Sessions comments and Possible Impact of Trump on Cannabis Industry


Many people are concerned with the nomination of US Senator Jeff Sessions as the next US Attorney General and the impact of that nomination on the regulated marijuana industry. Mr. Sessions has provided written responses to marijuana questions from a number of senators. Highlights include:

  • “While I am generally familiar with the Cole memorandum, I am not privy to any internal Department of Justice data regarding the effectiveness and value of the policies contained within that memorandum… I will certainly review and evaluate those policies, including the original justifications for the memorandum, as well as any relevant data and how circumstances may have changed or how they may change in the future.”
  • “I will not commit to never enforcing Federal law. Whether an arrest and investigation of an individual who may be violating the law is appropriate is a determination made in individual cases based on the sometimes unique circumstances surrounding those cases, as well as the resources available at the time.”
  • A recent federal court ruling that a Congressional rider prevents the Justice Department from going after people complying with state medical marijuana laws “is relatively recent, and I am not familiar with how other courts may have interpreted the relevant appropriations language or the Ninth Circuit’s opinion. As an emerging issue, that is one that will need to be closely evaluated in light of all relevant law and facts… I will conduct such a review. Of course, medical marijuana use is a small part of the growing commercial marijuana industry.”
  • On “good people don’t smoke marijuana“: “My words have been grossly mischaracterized and taken out of context… I was discussing the value of treating people for using dangerous and illegal drugs like marijuana, and the context in which treatment is successful.”
  • “I echo Attorney General Lynch’s comments [on marijuana being illegal], and commit, as she did, to enforcing federal law with respect to marijuana, although the exact balance of enforcement priorities is an ever-changing determination based on the circumstances and the resources available at the time.”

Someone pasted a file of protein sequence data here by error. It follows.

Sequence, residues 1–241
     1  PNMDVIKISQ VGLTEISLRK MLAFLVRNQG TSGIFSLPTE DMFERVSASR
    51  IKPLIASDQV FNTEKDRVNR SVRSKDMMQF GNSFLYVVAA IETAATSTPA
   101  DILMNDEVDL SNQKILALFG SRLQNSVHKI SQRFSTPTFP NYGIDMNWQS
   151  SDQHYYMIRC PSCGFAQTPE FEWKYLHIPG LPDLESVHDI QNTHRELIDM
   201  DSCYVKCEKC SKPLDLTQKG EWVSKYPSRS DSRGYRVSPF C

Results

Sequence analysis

• “I will defer to the American Medical Association and the researchers at the National Institutes of Health and elsewhere about the medical effects of marijuana. Without having studied the relevant regulations in depth, I cannot say whether they may need to be eased in order to advance research; but, I will review this.”

These written responses continue a pattern of vague responses from Sessions on the future enforcement of federal marijuana law in light of states’ efforts to legalize it. One thing that is clear is that the next four years will likely be unpredictable in many ways. However, we believe it is highly unlikely the federal government will initiate a massive shut down of the industry. More likely, though not certain as well, is that the Justice Department may expand the list of 8 priorities set under the Obama administration by the Cole Memo. There is likely some “low hanging fruit” in the industry and the federal government may seek to make an example out of a few bad actors.

In addition to the Cole Memo, the other main source of protection for the cannabis industry has been a Congressional appropriations rider prohibiting the Department of Justice from enforcing federal marijuana law in states where those actors are complying with state medical marijuana laws. No such protections exist for adult-use marijuana businesses under this rider. This appropriations rider is set to expire at the end of April 2017, but it is important to remember that Congress remains largely the same under the Trump administration and Congress has passed that rider several years in a row. However, Speaker Paul Ryan amended the House rules so the House will no longer be able to pass this rider without going through the normal committee process. This may make passage of the appropriations rider protecting medical marijuana businesses more difficult to pass. Even without that amendment, the cannabis industry would still survive, but it would be more vulnerable.

At McAllister Garfield, PC, we have significant experience in dealing with the Department of Justice, including defending a dispensary owner in federal court on money laundering allegations and working with the Department of Justice on our Indian Law projects. Moreover, in the past, we have met with former US Attorneys for Colorado Troy Eid and John Walsh and now acting US Attorney Bob Troyer, and we have a strong sense of federal priorities and concerns given this work. We are continuing to monitor the Sessions nomination and confirmation process. We will keep you updated as there are new developments on the issues above.